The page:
Filed under: Foreign Policy, Middle East, National Security, Terrorism | Tags: Arabian Peninsula, Guantanamo, Yemen
White House Press Secretary Robert Gibbs has told reporters that the administration “will not” send Guantanamo detainees to Yemen for the time being.
“We’re not going to make transfers to a country like Yemen that they’re not capable of handling” detainees, Gibbs told reporters. “The determination has been made that right now any additional transfers to Yemen is not a good idea.
Gibbs otherwise continued with the message, saying that al Qaeda in the Arabian Peninsula used Guantanamo “as a tool” and that the administration remains “committed to closing the detention facility.”
Hopefully the Guantanamo-to-Yemen express will be closed down a little longer than the embassy was.
Filed under: Islam, Military, National Security, Terrorism | Tags: Afghanistan, Iraq, Military, War on Terror, Yemen
Just an observation. We are a nation at war. It is not a bunch of separate wars in Iraq, Afghanistan, Yemen, Somalia and so on. It’s not an “overseas contingency operation,”and their actions are not “man-caused disasters.” To claim that the war in Afghanistan is a “good war” and the war in Iraq was a “bad war” shows a lack of understanding of either effort.
We call it the War on Terror. Terror is their chosen weapon. We have no trouble referring to the air war or the submarine war. Prissy complaints about language are out-of-place.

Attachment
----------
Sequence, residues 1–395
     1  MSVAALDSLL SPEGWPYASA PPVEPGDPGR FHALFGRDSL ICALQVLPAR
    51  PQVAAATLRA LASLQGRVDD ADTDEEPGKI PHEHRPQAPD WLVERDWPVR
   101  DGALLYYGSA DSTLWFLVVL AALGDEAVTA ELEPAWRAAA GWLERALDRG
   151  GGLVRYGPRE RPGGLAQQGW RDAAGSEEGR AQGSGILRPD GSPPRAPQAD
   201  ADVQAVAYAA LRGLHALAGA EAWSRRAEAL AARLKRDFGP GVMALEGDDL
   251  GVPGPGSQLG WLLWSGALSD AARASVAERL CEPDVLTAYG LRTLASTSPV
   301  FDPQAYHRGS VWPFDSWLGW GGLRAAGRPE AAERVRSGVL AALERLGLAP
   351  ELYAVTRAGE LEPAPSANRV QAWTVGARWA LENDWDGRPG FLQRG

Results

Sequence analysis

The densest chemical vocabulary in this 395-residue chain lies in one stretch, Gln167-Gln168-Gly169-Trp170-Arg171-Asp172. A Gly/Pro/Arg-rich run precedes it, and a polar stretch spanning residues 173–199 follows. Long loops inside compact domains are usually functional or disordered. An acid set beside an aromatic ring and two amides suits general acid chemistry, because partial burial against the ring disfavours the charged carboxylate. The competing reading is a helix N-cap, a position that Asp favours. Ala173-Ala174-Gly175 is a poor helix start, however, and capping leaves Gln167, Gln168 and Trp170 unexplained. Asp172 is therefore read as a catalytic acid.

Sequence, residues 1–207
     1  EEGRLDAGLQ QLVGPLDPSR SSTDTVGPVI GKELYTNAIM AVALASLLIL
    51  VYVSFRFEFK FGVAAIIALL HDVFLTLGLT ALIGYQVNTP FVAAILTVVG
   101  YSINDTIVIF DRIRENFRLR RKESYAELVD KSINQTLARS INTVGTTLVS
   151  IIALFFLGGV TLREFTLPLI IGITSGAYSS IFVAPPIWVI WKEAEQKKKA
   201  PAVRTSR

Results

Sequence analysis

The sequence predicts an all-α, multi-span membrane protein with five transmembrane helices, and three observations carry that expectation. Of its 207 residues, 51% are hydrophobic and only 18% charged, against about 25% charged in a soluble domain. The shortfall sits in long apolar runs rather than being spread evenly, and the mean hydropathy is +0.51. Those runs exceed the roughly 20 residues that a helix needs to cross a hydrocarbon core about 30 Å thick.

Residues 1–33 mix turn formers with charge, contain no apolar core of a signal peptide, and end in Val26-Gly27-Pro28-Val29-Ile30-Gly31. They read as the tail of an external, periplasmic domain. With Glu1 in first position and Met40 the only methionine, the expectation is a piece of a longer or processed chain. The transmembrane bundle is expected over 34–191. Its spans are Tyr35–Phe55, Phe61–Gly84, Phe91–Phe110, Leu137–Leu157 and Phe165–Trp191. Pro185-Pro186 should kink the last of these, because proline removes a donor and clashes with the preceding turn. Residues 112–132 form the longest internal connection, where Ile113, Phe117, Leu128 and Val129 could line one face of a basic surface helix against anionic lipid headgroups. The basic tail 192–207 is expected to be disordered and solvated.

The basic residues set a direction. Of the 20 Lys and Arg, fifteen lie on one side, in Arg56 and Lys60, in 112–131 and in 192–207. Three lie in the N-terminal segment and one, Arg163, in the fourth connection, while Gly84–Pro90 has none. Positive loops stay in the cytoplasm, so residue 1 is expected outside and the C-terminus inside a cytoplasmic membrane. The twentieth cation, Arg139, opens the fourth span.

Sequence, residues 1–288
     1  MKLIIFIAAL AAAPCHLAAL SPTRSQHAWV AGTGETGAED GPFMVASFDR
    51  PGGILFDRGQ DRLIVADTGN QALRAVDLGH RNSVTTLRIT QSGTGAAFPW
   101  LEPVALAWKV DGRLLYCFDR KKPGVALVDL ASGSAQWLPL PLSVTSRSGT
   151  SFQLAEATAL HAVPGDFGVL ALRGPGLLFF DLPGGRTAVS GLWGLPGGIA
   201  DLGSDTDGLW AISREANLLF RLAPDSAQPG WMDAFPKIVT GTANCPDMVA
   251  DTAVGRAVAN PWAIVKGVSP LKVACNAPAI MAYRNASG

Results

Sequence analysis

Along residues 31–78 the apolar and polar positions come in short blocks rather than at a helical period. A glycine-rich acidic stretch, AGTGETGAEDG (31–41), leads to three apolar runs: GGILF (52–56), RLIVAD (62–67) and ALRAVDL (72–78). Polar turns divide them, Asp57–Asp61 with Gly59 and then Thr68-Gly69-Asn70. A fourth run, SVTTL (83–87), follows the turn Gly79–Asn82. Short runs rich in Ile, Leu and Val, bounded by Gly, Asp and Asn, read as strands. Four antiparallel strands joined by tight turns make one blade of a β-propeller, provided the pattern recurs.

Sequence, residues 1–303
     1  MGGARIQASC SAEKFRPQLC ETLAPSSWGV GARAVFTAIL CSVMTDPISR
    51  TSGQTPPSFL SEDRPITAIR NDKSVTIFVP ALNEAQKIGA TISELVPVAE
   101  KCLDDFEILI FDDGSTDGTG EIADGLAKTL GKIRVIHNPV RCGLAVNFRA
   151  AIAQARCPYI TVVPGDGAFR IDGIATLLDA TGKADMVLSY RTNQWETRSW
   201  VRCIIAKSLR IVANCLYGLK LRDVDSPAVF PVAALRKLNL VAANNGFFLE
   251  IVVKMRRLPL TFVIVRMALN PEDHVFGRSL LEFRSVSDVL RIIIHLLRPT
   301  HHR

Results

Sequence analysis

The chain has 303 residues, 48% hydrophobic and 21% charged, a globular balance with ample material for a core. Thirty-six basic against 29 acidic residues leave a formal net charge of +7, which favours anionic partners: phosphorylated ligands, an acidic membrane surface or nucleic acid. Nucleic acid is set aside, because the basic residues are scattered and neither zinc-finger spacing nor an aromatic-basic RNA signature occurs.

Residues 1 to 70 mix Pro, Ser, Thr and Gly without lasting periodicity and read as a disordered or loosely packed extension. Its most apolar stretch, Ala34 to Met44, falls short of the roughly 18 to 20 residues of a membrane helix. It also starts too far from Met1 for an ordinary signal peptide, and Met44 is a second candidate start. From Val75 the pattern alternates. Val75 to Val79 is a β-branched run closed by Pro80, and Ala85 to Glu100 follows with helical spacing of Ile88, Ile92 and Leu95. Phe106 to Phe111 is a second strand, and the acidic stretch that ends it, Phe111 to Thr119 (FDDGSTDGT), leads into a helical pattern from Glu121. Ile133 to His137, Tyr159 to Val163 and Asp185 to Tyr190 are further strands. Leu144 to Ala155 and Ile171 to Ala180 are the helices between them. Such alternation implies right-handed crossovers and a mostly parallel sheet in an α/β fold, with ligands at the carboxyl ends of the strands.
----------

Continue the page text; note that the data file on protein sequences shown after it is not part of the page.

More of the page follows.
They want to kill Americans because we will not submit to Islam.
Filed under: Law, Middle East, National Security, Terrorism | Tags: al Qaeda, Guantanamo, Recidivism, Yemen
There have been 28 foiled attacks on the United States since 2001. There have been 12 terrorist incidents just this year, the most in any one year, and the attack by Nidal Malik Hassan was not stopped, or not stopped in time. He killed a dozen of his fellow soldiers and wounded twenty more. There was ample evidence that Major Hassan was some one to be concerned about, but the evidence was ignored.
Umar Abdul Mutallab has told his FBI captors that there are far more trained al Qaeda members in Yemen, ready to attack us again. Perhaps we should pay attention.
Some young men were recruited here to attack abroad. The “system” has failed over and over. The government has shown that it is not very serious. It only reluctantly and recently has managed to say the words “war on terror.”
Umar’s Abdul Mutallab’s name was on a list, but the fact that his own father had made the effort to go to an American Embassy to warn that he should be considered dangerous to the US, was ticked off as insignificant since there was no “confirmation.”
There are, the spokesmen say, so many names on the watch lists. As a reader commented in the Corner at NRO, he can swipe his credit card at any retailer and it can be authorized in seconds, distinguishing that card from millions of others, but we cannot identify those who are supposedly on the ‘no-fly’ list?
Jennifer Rubin called attention to the language employed by the president to describe an act of terrorism against the United States.